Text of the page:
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A note from the editor: The art of conversation

Our cover story is on the conversations about sex, desire and consent that are rarely had in a country hesitant to talk openly about these subjects

Starting a conversation is also art, an exercise in allowing both sides to express themselves and truly understand. (Getty Images)

In the industry that self-help and healing has become, there’s often emphasis on listening with empathy. But starting a conversation is also an art, an exercise in allowing both sides to express themselves and truly understand. Our cover story this week is on the difficult conversations about sex, desire and consent that are rarely had in a country hesitant to talk openly about these subjects. Talking about sex isn’t just about being crude; discussing pleasure is also a means of understanding consent, patriarchy and gender inclusivity. And for the many who can’t talk face-to-face, social media, with its wide canvas of memes, videos, photographs, illustrations and more, is becoming a tool to start discussions. A small but growing group of medical experts, counsellors and students is joining hands with content creators to use social media and shift mindsets as well as draw the connection between sexual health and mental health. Knowledge of their bodies also empowers women and gender minorities with the vocabulary to seek help for physical ailments or talk about sexual assault or past trauma. They get trolled relentlessly but these influencers are chipping away at the stigma around such conversations.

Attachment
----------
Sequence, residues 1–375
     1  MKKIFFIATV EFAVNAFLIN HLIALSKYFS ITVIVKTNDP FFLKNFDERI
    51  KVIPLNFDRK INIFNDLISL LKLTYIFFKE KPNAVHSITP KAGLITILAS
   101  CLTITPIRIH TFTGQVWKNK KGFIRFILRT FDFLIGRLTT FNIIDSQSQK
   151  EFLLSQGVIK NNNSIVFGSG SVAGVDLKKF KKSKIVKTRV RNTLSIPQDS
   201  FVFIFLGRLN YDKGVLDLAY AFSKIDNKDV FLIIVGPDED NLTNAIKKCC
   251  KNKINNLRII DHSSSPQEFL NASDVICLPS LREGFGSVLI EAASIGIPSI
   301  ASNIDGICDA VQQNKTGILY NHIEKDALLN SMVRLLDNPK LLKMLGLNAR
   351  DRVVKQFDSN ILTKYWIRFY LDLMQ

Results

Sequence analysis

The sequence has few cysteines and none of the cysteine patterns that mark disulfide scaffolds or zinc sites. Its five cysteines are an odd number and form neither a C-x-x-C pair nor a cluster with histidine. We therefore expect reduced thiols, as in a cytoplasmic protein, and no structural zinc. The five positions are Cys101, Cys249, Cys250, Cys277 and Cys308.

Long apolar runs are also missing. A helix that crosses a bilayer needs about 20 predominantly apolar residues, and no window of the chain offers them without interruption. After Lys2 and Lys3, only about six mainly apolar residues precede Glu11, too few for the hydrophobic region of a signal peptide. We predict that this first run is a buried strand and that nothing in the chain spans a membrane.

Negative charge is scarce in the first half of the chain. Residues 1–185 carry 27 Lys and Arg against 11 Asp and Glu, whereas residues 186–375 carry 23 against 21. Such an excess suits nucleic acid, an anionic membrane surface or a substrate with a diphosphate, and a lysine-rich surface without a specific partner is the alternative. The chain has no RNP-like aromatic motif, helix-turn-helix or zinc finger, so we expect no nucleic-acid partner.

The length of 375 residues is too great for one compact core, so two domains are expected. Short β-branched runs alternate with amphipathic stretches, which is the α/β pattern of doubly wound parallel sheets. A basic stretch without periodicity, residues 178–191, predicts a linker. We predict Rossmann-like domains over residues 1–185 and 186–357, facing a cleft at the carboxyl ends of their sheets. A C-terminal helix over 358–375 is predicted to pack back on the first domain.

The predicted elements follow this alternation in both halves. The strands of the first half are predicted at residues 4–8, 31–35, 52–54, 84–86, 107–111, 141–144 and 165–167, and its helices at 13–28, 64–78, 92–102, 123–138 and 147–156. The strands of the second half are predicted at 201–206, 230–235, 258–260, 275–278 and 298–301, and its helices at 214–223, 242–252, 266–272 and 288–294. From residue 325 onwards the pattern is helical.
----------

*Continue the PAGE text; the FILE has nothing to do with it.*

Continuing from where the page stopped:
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There’s another group that’s starting difficult conversations—publishers who are bringing out books for children on subjects that are considered “too hard for children”. They are publishing books on caste, racism, climate change, human rights and more, going beyond the glossy, cheerful picture books of the past, introducing children to the real world and encouraging them to think about equality and inclusion.

Conversations continue through the issue in the form of interviews with writers, musicians and artists—from science writer Hari Pulakkat, who has a new book out on India’s scientists, to the extraordinarily talented Jaaved Jaaferi, who marks 25 years as a comic-actor, to designer Michael Kors, who is marking 40 years in the industry. And one of the stories that’s just an indulgent read this week is a writer’s discovery of a particularly addictive brand of potato chip-biscuits from Bangladesh.

Write to the Lounge editor shalini.umachandran@htlive.com Twitter: @shalinimb

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